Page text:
Stocks climbed Wednesday as Wall Street posted a second straight day of gains in the new year and the Dow once again approached the 20,000 milestone.
The Dow Jones industrial average ended up 60 points, or 0.3%, to 19,942.16. The blue-chip index rose has come close to topping 20,000 several times in recent weeks but each time it gets near has pulled back. The Standard & Poor’s 500 index rose 0.6% and the Nasdaq composite index gained 0.9%. Both the S&P 500 and Nasdaq are near their record closing highs.
Stocks maintained their gains following the release of the minutes from the latest Federal Reserve meeting that provided clues to why policymakers raised interest rates in December for only the second time since 2006 and forecast three rate hikes in 2017 instead of the two moves previously anticipated.
Fed officials said they might have to raise interest rates faster than anticipated to prevent rapidly falling unemployment and President-elect Donald Trump’s proposed fiscal stimulus from fueling excessive inflation, according to minutes of the Fed’s December 13-14 meeting.
Benchmark U.S. crude was up 1.8% to $53.24 a barrel in New York. It lost $1.39 on Tuesday.
What a difference a year makes. The U.S. stock market kicked off the first day of trading of 2017 with solid gains, a year after plunging in the opening session of 2016 on its way to its worst week to start a year ever.
The benchmark Standard & Poor’s 500 stock index — which closed up 0.9% to 2258 — posted a gain on the first trading day of a new year for the first time since 2013. Last year, the large-company stock index cratered 1.53% on January’s first trading session — its sixth-worst Day 1 percentage loss and worst annual kickoff since 2001 — on its way to a worst-ever first week of the year decline of 5.96%, according to S&P Dow Jones Indices. The S&P 500, however, rebounded and finished 2016 up 9.5%.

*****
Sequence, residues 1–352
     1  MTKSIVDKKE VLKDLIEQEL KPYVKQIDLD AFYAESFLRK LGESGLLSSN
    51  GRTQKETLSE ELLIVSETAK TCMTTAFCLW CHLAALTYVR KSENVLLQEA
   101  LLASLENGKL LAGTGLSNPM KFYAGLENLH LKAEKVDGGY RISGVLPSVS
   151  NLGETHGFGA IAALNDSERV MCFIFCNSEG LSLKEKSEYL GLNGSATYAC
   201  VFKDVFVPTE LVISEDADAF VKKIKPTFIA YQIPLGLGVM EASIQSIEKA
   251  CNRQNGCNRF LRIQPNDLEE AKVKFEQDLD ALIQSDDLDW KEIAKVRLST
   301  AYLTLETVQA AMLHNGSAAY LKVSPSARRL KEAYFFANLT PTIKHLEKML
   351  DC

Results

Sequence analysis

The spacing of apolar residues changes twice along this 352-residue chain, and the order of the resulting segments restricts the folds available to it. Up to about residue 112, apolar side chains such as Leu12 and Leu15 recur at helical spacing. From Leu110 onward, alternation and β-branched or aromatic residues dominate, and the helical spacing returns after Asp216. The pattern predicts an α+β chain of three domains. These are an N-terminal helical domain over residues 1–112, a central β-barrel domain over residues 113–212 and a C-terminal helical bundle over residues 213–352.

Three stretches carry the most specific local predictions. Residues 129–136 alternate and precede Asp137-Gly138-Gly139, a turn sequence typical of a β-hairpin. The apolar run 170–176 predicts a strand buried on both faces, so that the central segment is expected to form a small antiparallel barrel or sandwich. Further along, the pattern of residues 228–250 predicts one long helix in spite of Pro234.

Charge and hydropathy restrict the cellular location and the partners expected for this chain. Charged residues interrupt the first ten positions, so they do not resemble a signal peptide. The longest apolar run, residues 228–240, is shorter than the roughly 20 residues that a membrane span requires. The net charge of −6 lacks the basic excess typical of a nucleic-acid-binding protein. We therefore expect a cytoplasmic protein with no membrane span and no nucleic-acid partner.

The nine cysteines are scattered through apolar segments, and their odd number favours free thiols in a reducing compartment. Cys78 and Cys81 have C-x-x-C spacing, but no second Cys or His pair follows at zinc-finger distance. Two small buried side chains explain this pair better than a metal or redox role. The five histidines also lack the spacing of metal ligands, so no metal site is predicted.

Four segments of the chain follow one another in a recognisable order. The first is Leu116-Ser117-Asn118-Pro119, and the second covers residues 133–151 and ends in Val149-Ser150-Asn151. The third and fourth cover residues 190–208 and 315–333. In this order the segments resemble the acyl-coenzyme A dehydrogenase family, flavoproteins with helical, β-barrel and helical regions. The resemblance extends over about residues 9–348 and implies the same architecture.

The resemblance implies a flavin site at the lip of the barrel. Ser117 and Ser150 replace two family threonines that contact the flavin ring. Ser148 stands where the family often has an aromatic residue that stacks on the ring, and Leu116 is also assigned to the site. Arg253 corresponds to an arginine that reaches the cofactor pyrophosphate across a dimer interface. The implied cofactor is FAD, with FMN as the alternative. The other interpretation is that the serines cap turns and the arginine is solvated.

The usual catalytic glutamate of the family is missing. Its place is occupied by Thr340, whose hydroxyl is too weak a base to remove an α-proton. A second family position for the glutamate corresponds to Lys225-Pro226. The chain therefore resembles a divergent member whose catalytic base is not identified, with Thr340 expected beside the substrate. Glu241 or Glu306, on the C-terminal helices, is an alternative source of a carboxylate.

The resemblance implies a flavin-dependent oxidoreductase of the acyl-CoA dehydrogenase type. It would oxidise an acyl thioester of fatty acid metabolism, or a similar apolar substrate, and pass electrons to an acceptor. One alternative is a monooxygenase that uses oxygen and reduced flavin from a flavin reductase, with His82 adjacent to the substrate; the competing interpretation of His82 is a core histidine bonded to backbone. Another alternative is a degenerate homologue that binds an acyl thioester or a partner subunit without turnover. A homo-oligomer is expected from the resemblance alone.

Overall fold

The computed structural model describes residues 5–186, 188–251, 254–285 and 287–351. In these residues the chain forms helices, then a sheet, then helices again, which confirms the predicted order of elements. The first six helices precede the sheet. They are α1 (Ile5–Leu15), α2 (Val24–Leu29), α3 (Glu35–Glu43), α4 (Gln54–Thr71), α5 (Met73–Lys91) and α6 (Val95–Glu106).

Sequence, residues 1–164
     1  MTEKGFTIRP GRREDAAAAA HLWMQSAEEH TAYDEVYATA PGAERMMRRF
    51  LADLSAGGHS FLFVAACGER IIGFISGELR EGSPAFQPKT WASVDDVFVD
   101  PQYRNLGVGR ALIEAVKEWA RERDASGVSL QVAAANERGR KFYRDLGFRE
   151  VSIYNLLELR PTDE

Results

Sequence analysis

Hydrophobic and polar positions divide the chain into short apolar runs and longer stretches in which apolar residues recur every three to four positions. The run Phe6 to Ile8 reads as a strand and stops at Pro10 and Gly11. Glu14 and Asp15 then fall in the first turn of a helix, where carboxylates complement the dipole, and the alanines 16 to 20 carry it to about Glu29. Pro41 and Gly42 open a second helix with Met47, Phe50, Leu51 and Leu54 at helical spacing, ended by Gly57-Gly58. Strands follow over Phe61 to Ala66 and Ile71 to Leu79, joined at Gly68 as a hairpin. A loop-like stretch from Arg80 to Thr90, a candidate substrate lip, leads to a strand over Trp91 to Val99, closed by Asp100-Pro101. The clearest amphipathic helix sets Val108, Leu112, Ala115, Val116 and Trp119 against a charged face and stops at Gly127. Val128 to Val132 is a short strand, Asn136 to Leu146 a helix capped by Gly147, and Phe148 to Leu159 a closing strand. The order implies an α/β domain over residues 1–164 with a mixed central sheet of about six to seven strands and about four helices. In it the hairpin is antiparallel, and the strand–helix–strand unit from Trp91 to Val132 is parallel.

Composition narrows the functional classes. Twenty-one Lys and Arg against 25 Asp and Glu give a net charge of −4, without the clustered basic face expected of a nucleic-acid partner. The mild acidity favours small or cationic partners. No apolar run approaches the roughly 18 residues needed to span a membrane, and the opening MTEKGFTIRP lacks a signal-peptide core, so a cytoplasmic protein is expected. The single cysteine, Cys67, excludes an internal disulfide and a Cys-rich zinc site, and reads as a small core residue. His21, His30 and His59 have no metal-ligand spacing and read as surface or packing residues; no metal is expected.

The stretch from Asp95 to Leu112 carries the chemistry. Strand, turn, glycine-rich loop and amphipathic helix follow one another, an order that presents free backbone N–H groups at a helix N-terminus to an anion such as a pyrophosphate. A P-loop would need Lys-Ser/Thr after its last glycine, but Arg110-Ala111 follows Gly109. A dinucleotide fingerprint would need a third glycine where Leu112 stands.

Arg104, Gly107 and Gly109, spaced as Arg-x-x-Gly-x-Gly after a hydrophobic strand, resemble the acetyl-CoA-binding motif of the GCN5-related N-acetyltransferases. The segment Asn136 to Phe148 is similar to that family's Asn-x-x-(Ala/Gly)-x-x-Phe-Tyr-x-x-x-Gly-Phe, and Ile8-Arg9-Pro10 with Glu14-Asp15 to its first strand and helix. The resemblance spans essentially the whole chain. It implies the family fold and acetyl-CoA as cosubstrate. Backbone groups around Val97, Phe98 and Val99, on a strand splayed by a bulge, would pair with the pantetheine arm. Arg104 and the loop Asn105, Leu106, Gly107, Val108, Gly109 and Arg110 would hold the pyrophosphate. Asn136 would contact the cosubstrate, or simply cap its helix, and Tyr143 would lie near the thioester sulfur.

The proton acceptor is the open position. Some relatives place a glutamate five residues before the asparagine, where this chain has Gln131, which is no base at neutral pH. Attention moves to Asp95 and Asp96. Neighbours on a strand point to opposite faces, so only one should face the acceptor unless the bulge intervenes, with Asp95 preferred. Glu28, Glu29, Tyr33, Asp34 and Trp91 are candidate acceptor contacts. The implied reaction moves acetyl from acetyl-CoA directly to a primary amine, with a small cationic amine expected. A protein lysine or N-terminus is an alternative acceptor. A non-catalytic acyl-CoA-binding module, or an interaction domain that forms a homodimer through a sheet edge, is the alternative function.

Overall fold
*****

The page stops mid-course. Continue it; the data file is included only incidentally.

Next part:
The Dow Jones industrial average rose as much 176 points before pulling back and finishing up 119 points, or 0.6%, to 19,882. The blue-chip index came within 105 points of 20,000 after a late-year flirtation with the milestone fell short. The technology-packed Nasdaq rose 0.9% and the small-company Russell 2000 stock index, which gained 19.5% in 2016, finished up 0.5%.
Stocks sank on the last trading day of 2016, with the Dow now 237 points short of the 20,000 milestone that it came closest to hitting on Dec. 20.
It was merely a weak end to a very strong year, however, with the S&P 500 gaining 9.5% and the small-company Russell 2000 jumping 19.5% for 2016.
For the day, the Dow Jones industrial average lost 0.3%, off 57 points to 19,762.60. But for 2016, the blue chips gained 13.4%.
The S&P 500 ended 0.5% lower for the day, while the Nasdaq composite fell 0.9%
Global stocks mostly rose on the year’s last day of trading, with Britain’s index rallying to hit another all-time high. The FTSE 100, which was trading for only a half day, rose 0.3%. That leaves the index 14.4% higher over 2016. Elsewhere in Europe, Germany’s DAX rose 0.3%, while France’s CAC 40 gained 0.5%.
Major stock indexes veered higher in afternoon trading Tuesday, nudging the Nasdaq into record territory and the Dow Jones industrial averagecloser to the 20,000-point mark.
The Dow ended up less than 0.1% an 11-point climb to 19,945.04. The Nasdaq composite gained 0.5% to a new all-time closing high of 5487.44.
Gaining 0.2% was the S&P 500.
The Conference Board said its consumer confidence index climbed to 113.7 in December, up from 109.4 in November and the highest since it reached 114 in August 2001. The latest reading is another sign consumers are confident in the aftermath of a divisive election campaign.
U.S. stocks ended lower Thursday as health care companies took more losses and investors’ Dow 20,000 watch goes on.